Lory works part-time as a dental hygienist, so she is able to stay home with her kids during part of the week, which allows her time to make phone calls and keep up with other correspondence for her cases.

Once in a while she would see a child in her dental practice who had suffered abuse or neglect and became involved as she had to report the suspected abuse. Becoming a CASA volunteer felt like a natural step for her.

“I just thought this was a neat way to get involved. .. The neat thing is I’m not on anybody’s team besides the kids’ team. My sole responsibility is what is in the best interest of these kids. (Magistrate Andrew Roesener and Judge Mark Loyd) have told us they read the CASA reports first.”

In some cases,  just getting a child a bed to sleep is a major issue. In other cases, she watches the parents’ progression with therapy and treatment for addiction. If they don’t make progress in moving toward sobriety, she’ll recommend the judge rescind visitation privileges.

“I can be pretty strict,” she said. “You know I don’t think you should be visiting anymore if you can’t pass a drug test.”

The majority of the cases she deals with involve parental substance abuse and addiction.

In many such cases, the children’s grandparents end up taking the kids into their homes. The grandparents struggle to cope with how they ended up raising a small child.

Seeing children find some stability is gratifying, but Lory said she gets frustrated when parents decide they want their kids back but refuse to comply with the court’s requirements for drug treatment, taking random drug tests and holding a job.

“I can only imagine what these kids are going through,” Lory said. “It infuriates me that (the parents) don’t do everything they can to get them back.”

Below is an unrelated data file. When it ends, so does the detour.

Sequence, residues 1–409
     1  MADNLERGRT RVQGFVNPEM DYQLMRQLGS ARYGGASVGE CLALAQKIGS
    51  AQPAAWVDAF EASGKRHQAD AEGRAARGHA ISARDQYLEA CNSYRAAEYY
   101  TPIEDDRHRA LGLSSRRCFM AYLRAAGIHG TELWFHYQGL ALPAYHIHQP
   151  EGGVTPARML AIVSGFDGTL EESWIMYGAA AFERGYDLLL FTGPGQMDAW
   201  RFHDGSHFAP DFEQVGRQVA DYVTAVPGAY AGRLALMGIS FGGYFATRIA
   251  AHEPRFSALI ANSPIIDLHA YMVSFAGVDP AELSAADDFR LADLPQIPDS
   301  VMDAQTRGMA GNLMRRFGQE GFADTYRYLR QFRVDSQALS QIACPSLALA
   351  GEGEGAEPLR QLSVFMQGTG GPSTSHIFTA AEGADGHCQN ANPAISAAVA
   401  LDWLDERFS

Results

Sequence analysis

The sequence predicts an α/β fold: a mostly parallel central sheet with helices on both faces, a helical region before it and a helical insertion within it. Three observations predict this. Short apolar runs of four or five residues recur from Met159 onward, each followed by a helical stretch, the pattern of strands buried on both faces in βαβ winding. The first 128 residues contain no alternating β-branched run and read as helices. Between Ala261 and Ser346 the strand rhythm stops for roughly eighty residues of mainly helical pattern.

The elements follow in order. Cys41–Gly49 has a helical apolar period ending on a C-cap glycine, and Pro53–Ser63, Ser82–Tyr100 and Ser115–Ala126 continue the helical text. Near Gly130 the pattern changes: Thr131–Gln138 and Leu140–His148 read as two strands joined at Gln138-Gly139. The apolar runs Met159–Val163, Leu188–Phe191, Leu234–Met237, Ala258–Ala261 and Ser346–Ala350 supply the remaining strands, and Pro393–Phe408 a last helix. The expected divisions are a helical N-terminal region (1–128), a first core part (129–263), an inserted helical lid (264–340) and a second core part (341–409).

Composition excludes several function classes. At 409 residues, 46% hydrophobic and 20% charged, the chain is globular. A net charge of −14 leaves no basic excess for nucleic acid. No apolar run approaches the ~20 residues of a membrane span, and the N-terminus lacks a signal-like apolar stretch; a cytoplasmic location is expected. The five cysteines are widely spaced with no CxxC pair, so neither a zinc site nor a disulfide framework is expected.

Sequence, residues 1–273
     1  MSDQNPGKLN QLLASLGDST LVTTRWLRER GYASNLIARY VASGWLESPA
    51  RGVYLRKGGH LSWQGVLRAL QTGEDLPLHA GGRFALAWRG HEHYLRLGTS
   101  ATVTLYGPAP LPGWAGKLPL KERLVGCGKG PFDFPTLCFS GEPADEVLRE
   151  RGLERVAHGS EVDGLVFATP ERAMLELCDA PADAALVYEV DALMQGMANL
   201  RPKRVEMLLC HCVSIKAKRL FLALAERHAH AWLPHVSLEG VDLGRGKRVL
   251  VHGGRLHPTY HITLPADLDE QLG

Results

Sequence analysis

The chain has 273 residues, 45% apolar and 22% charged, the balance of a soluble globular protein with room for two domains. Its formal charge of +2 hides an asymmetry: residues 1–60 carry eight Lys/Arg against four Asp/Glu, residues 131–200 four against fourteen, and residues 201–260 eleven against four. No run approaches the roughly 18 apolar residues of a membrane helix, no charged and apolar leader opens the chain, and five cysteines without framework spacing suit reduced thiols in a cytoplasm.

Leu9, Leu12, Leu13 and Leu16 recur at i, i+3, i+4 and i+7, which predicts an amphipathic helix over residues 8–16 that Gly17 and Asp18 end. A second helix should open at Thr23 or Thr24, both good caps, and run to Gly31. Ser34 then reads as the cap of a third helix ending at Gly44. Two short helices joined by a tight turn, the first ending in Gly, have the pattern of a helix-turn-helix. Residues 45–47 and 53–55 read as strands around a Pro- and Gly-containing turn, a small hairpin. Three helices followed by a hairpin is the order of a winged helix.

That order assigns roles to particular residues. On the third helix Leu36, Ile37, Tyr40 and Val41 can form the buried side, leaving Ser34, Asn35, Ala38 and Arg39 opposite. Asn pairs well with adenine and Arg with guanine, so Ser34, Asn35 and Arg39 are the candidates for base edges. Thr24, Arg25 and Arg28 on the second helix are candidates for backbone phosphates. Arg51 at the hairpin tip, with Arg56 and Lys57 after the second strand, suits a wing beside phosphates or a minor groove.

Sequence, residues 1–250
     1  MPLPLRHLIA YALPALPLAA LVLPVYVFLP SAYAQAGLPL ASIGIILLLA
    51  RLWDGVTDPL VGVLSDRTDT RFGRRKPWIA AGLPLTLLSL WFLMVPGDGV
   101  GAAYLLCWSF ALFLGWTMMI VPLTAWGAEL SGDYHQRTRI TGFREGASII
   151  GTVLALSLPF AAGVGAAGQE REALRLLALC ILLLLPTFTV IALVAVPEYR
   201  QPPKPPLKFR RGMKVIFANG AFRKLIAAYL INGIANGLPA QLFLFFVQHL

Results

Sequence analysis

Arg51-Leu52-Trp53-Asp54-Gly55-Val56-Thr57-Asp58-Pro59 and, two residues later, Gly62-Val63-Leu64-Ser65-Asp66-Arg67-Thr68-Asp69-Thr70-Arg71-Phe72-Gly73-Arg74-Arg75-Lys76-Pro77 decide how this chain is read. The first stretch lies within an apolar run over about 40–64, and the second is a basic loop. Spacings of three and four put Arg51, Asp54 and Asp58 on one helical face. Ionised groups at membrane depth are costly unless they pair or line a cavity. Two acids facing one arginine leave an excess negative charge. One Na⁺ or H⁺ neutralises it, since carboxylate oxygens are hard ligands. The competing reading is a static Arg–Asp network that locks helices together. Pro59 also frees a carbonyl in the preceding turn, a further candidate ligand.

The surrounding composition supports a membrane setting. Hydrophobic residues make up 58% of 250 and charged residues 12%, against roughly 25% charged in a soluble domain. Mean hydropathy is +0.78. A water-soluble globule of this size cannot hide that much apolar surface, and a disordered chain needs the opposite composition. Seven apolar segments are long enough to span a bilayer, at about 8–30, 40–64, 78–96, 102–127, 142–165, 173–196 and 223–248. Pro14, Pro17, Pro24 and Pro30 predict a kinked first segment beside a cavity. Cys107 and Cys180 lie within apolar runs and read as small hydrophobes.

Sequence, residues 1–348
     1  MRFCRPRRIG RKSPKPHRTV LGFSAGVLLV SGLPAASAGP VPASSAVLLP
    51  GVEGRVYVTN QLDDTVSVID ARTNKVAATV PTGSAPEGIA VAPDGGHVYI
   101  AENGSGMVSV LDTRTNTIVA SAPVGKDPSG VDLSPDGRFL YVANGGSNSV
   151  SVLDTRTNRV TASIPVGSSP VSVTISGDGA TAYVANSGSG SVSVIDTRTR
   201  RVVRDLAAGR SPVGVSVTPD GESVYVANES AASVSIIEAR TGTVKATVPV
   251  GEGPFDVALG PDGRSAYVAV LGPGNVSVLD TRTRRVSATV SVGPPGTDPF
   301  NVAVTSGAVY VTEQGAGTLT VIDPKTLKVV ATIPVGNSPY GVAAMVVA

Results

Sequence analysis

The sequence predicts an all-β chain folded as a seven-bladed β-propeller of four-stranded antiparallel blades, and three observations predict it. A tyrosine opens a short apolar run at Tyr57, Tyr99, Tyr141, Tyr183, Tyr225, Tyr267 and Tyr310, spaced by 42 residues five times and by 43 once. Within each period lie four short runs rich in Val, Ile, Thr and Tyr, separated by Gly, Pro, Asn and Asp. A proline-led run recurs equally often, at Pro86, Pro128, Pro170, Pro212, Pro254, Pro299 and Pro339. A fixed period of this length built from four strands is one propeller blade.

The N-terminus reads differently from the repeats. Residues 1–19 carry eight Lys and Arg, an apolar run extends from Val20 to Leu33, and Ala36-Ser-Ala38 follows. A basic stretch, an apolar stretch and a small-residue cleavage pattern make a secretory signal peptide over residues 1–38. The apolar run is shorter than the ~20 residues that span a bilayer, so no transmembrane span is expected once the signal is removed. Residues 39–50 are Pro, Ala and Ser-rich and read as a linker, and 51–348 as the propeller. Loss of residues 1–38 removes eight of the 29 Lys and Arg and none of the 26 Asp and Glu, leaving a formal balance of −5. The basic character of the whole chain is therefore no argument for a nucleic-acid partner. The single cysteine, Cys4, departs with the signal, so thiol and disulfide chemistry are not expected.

In the field

Kristin Moger, 52, first got involved when she and her husband moved to the area several years ago. She was looking for volunteer opportunities with youth due to her background in ministry. Her husband Brad Moger is pastor at Hopewell Presbyterian Church.

“I was looking into how I could assist with caring for and working with people who are more vulnerable and have less resources,” she said.

Moger typically works on two cases at a time. She makes sure she takes the time to build trust with the youth.

“I want to build their trust so they can express what they’re feeling about and what their hopes are so that I can report that back to the judge. My primary role is to make sure that the best interests of the child are being protected and conveyed to the judge.”

Moger said the most common underlying reason for the kids she works needing help is their parents’ addictions.

“It’s not in every case but it is I’d say the biggest common denominator in all the cases I see.”

She is inspired by the resiliency of the kids.

“When they have the right support, they can bounce back from some really awful experiences,” she said.

She knows she’s deeply affected, and inspired, by the kids she works with.

“I have my heart broken on a regular basis,” she said.

She said she knows all her hard work is worth it when a case reaches a successful conclusion.

“In the long run, it feels successful to me if the children are in a long-term place that is safe and secure, feeling loved and having every indication of thriving. Whether that’s back with their parents or with guardianship with some one else,” she said.

“If the child expresses they feel loved and if they family expresses they love their children and are looking forward to the future, then that’s success.”

At a glance

If you’re interested in learning more about Court Appointed Special Advocates (CASA), visit or call director Tammi Hickman at 317-346-4561.

Author photo
Anna Herkamp is an editorial assistant at the Daily Journal. She can be reached at or 317-736-2712.